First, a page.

To investigate the effect of OTVs in heterozygosity we analyzed F1 hybrid mice included in our 351 samples. These F1s were generated by crossing two inbred strains for which we should be able predict the genotypes at every locus in the hybrid based on the genotypes of the parental strains. Here we describe analysis of the (C57BL/6J × CAST/EiJ)F1 hybrid mouse (Figures 3 and 6, Table 3). Similar results were obtained on other F1 hybrid combinations (data not shown).

thumbnailFigure 6. Detected and undetected VINOs in homozygosity may lead to inaccurate genotyping in heterozygosity. Circles represent parental strains: C57BL/6J (dark blue), which have the AA allele; CAST/EiJ, which has the BB genotype at its target position and also an OTV within the probe and is called either BB (light blue) or V (red) by MouseDivGeno; squares: (C57BL/6JxCAST/EiJ)F1 samples, which have an OTV in heterozygosity and are called AA (dark blue) or N (black) by MouseDivGeno. A) MouseDivGeno calls CAST/EiJ as V; the F1 samples are called AA due to stronger hybridization intensity for the AA allele and thus the OTV goes unrecognized. B) MouseDivGeno calls CAST/EiJ as BB due to the absence of a true BB cluster; the F1 samples are again called AA. C) MouseDivGeno calls CAST/EiJ as V but calls the F1 samples as N due to poor discrimination between genotype clusters.

Table 3. Genotype calls for an F1 hybrid compared to its parental strains

OTVs in heterozygosity in the F1 hybrid are preferentially (62%) genotyped by MouseDivGeno as homozygous for the allele present in the non-VINO carrying parental strain (Figure 6A, Table 3). This result is expected based on the same principles that determine the behavior of VINOs in homozygosity. A parental strain with an OTV causing a small reduction in hybridization that does not lead to a VINO call may have an offspring with a true heterozygous genotype that is incorrectly called homozygous for the non-OTV allele. For example, the maternal strain has an AA genotype and the paternal strain has a BB genotype in addition to an OTV. The paternal strain is properly genotyped as BB because the OTV does not reduce intensity sufficiently for MouseDivGeno to consider it a VINO. The F1 offspring has an AB genotype and an OTV in heterozygosity but is called AA (Figure 6B). These cases, which we term "cryptic" VINOs, can be detected by analysis of discordant genotypes between parental strains and F1 hybrids. Central OTVs are over-represented in cryptic VINOs, but to a lesser degree than in called VINOs (additional file 7). An edge OTV that is unlikely to result in a VINO call in a homozygous parent may nonetheless provide enough contrast in a heterozygous F1 to result in an incorrect homozygous genotype call. In cases where discrimination between genotype clusters is poor, F1 offspring may be called as N's (Figure 6C).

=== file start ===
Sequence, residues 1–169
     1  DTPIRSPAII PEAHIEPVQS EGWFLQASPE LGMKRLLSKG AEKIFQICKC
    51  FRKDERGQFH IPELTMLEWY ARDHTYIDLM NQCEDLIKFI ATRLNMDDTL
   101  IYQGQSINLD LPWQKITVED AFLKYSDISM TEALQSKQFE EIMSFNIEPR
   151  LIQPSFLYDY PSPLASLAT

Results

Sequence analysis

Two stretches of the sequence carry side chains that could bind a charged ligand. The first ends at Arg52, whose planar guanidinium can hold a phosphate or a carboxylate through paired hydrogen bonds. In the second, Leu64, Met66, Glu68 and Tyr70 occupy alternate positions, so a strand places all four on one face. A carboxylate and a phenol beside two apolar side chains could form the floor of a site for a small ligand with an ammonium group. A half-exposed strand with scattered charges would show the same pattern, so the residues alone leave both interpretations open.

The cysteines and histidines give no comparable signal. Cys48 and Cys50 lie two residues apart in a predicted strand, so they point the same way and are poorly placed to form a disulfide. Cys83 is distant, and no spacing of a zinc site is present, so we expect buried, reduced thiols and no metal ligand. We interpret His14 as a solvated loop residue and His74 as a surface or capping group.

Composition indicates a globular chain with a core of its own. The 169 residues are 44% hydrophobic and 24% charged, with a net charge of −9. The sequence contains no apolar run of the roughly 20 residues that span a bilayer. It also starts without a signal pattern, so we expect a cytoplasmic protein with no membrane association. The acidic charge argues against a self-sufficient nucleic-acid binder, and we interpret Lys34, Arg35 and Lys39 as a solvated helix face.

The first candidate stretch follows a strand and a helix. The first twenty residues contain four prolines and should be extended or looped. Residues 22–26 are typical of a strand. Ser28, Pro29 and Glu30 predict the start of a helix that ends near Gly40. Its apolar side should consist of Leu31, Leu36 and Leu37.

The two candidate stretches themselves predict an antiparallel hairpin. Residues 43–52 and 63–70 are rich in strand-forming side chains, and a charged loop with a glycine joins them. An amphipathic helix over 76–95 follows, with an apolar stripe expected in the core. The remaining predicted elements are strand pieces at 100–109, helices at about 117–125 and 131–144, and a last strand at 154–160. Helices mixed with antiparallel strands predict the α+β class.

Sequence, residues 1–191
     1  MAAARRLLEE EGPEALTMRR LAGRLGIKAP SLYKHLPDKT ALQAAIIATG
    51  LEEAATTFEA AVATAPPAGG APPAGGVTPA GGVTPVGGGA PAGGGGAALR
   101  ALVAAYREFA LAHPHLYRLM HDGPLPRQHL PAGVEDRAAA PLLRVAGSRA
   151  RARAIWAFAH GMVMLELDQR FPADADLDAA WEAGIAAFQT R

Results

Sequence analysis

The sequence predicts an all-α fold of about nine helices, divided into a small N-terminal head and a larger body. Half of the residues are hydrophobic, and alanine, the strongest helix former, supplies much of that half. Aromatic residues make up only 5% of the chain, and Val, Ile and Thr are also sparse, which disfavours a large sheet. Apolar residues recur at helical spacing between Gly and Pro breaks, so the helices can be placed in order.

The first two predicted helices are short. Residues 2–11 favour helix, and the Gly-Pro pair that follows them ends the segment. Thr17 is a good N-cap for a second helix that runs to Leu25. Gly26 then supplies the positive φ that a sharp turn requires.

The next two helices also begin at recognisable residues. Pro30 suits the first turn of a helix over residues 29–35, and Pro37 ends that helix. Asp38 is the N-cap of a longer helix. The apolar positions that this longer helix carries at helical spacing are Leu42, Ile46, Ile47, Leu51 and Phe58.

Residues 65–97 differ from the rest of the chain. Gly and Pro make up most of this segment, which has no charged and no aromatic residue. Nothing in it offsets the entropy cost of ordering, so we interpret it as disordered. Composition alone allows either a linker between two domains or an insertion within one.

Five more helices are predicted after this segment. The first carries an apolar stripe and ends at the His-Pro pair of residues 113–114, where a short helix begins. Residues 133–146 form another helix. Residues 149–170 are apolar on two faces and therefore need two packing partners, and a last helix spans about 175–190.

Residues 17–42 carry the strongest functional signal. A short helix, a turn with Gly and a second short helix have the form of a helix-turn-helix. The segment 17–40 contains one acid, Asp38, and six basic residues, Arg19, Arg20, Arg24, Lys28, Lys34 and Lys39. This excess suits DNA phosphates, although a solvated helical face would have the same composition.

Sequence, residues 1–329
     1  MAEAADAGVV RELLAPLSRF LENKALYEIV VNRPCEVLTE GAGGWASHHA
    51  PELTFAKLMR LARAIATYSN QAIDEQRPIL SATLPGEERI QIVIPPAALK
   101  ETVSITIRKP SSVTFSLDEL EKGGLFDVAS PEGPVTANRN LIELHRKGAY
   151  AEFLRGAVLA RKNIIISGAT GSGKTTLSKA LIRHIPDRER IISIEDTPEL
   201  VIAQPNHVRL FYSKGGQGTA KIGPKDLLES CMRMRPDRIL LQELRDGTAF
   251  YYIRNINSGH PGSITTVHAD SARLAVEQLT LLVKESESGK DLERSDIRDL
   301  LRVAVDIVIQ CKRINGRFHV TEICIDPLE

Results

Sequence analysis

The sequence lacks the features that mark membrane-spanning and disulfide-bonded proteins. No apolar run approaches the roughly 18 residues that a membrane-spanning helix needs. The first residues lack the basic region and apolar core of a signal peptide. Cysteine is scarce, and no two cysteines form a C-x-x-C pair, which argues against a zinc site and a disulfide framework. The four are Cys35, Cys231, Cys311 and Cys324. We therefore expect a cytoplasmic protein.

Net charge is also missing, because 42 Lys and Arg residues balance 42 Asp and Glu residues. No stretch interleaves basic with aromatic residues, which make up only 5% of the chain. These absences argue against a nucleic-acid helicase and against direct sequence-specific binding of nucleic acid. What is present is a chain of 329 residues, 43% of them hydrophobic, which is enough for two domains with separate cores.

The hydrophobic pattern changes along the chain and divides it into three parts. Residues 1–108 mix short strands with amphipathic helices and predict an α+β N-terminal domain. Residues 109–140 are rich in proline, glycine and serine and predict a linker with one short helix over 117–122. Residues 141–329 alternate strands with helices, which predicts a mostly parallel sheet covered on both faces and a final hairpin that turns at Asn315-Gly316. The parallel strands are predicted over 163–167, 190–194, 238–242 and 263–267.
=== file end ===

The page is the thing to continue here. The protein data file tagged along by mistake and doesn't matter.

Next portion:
Additional file 7. Observed vs. predicted genotype calls in (C57BL/6JxCAST/EiJ)F1, grouped by OTV position. Genotype calls in (C57BL/6JxCAST/EiJ)F1 are categorized by whether they are concordant (first panel) or discordant (remaining panels), the observed vs. expected genotypes, and the position of the OTV (if any) within the probe set. F1 genotypes are predicted based on CAST/EiJ genotypes, as C57BL/6J is always expected to be AA homozygous.

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The concordance rate between predicted and observed genotypes in the F1 hybrid is very high (96.92%) at SNPs genotyped as homozygous for the same allele in both parental strains. The majority of discordant calls are N or V (7315 out of 7373, 99.2%), and only a very small number are due to incorrect heterozygous calls (150, 0.06%) or the wrong homozygous genotype (8, 0.003%). In contrast, the concordance rate is much lower (83.35%) at predicted heterozygous SNPs. Based on the Sanger data, we know that the parental genotypes are correct and thus most of the discordance is due to erroneous genotype calls in the F1 hybrid (Table 3).

MouseDivGeno can detect VINOs in human genotyping arrays

In order to assess our ability to identify VINOs in other organisms that are routinely genotyped with Affymetrix arrays, we applied MouseDivGeno to 179 Human HapMap 3 samples from the CEU (European), CHB (Chinese), JPT (Japanese) and YRI (African) populations that have both sequence and genotype information available [20]. We further investigated 54 randomly chosen VINOs on chromosome 19 (additional file 8). There were 54 * 179 = 9666 probe/sample combinations, of which 1850 had no genotype called in sequencing data due to a single allele being fixed within a population. In 1619 of these cases, genotypes from the HapMap array calls were substituted.